operating a Vessel Traffic Center (VTC) within the framework of a VTS. 
A VTC is a shoreside facility from which the VTS operates and has the 
communications capability to interact with marine traffic and respond 
to developing situations. The existing Control Light operation in the 
LMR and around Algiers Point has proven valuable in some measures of 
VTM; however, these measures are narrow in scope, limited to a small 
area, and only operated during periods of high water. Historically, 
limitations of equipment, staffing, and site location hampered the 
light operator's ability to provide overall safety and efficiency of 
anticipated vessel traffic beyond the immediate vicinity of Algiers 
Point. Through implementation of a continuously-operating VTS, the 
Coast Guard has enhanced system capabilities and improved navigation on 
the entire LMR.

C. Stakeholder Involvement

    The Coast Guard has long recognized that a VTS on the LMR is a 
valuable asset to all entities, the ``stakeholders'', that may be 
impacted by the waterway either directly or indirectly. In addition, 
many of the stakeholders who regularly utilize the waterway have 
advised us that to achieve success, the VTS must meet the needs of the 
waterway users while imposing the least burden.
    In 1997, the Coast Guard formed the Ports and Waterways Safety 
Systems Committee (PWSSC). The Coast Guard created this ad-hoc 
committee, a subcommittee under LMRWSAC, of maritime, port community, 
government, and public stakeholders to define user requirements for a 
VTS that would accomplish the overall goals of safety and efficiency. 
Since its formation, PWSSC has met several times, and the product of 
these meetings was a conceptual baseline VTS plan (see document USCG-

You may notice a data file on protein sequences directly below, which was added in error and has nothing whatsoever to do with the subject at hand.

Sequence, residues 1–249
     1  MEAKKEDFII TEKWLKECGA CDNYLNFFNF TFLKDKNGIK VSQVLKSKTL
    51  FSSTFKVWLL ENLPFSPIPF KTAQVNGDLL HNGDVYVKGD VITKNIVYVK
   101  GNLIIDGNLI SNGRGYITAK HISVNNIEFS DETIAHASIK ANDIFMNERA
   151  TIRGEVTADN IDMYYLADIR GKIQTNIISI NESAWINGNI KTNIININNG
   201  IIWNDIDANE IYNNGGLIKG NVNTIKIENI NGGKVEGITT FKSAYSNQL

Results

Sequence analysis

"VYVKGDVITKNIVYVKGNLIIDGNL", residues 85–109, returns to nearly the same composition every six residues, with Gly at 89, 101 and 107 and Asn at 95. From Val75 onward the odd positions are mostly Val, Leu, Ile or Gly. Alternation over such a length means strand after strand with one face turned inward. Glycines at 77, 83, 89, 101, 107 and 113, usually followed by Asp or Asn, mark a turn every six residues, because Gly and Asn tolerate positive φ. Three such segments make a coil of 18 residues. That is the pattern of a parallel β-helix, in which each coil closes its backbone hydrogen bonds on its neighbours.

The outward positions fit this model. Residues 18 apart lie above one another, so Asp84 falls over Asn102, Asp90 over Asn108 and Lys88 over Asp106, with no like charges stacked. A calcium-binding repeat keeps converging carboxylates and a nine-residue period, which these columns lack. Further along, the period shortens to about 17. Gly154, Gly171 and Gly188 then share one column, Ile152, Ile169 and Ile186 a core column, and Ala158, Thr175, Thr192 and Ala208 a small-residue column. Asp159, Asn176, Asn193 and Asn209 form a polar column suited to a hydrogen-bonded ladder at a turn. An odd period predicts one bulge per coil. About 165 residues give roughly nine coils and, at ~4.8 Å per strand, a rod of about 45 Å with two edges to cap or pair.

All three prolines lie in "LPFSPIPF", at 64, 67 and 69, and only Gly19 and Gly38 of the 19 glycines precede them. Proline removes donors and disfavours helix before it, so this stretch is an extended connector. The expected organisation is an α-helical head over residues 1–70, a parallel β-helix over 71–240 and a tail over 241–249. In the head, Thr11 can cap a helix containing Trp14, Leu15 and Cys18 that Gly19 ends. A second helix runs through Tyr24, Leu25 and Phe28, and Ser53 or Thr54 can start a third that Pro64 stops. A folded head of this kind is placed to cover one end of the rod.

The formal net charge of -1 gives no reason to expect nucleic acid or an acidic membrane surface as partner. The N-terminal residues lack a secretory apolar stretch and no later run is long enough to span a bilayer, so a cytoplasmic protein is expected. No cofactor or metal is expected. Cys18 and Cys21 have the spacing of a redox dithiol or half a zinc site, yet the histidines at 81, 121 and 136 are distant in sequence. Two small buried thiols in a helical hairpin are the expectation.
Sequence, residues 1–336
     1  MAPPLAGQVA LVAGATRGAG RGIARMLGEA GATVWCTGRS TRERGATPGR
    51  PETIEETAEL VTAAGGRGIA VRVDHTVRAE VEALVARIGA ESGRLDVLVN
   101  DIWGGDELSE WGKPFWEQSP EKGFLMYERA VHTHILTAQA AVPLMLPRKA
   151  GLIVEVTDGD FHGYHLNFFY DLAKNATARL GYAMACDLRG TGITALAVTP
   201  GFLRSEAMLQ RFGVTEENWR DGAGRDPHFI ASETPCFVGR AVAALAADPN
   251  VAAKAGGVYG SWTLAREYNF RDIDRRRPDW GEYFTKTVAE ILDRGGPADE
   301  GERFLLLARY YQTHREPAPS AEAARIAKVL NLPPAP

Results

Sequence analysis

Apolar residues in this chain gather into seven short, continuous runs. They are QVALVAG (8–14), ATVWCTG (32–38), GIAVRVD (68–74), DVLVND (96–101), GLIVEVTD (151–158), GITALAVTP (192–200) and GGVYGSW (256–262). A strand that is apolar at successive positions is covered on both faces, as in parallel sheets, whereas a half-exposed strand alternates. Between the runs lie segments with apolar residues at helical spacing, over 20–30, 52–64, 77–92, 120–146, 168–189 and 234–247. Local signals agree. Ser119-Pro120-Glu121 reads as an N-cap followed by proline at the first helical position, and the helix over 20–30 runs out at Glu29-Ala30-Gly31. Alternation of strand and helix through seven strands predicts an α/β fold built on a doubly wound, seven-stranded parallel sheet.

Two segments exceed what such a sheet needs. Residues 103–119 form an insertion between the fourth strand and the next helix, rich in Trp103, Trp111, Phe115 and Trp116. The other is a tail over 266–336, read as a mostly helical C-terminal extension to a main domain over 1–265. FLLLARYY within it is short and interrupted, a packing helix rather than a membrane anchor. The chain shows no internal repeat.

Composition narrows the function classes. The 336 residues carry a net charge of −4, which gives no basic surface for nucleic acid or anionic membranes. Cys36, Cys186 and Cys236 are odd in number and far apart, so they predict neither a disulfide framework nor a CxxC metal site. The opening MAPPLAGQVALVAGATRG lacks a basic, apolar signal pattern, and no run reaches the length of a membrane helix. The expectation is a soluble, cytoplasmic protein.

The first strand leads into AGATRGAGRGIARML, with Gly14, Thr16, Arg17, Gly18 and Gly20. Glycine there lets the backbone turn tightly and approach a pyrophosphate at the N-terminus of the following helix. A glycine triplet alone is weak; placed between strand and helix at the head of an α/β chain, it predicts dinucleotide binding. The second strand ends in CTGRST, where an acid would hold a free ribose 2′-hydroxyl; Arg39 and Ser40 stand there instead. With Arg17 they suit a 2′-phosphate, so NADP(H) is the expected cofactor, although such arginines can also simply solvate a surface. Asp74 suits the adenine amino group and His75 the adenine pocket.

1998-4399-0003 at http://www.regulations.gov) endorsed by LMRWSAC. Key 
recommendations of this plan involved the need to implement AIS 
technology and to incorporate AIS as a key component of any VTS 
implementation.

D. Automatic Identification System Concept

    AIS technology relies on Global Positioning System (GPS), 
navigation sensors, and digital communication equipment operating 
according to standardized protocols (i.e., AIS transponders) that 
permit the voiceless exchange of navigation information between vessels 
and shoreside VTCs. The AIS transponders on vessels can broadcast 
information about the vessel, such as its name or call sign, 
dimensions, type, position (derived from a GPS input), course, speed, 
and navigation status. This information is continually updated and 
received by all AIS-equipped vessels in its vicinity. An AIS-based VTS 
is able to augment this broadcast with additional safety and navigation 
information such as weather, tides, currents, and status of 
navigational aids. This additional information can be relayed to all 
VTS users for consideration in voyage planning and execution. The 
advantage of this automatic exchange of

[[Page 58226]]

information is that it can be accessed by all mariners, tailored to the 
mariners' needs and desires, and greatly reduce voice radio exchanges. 
The ease of operation of the VTS and the reduction of voice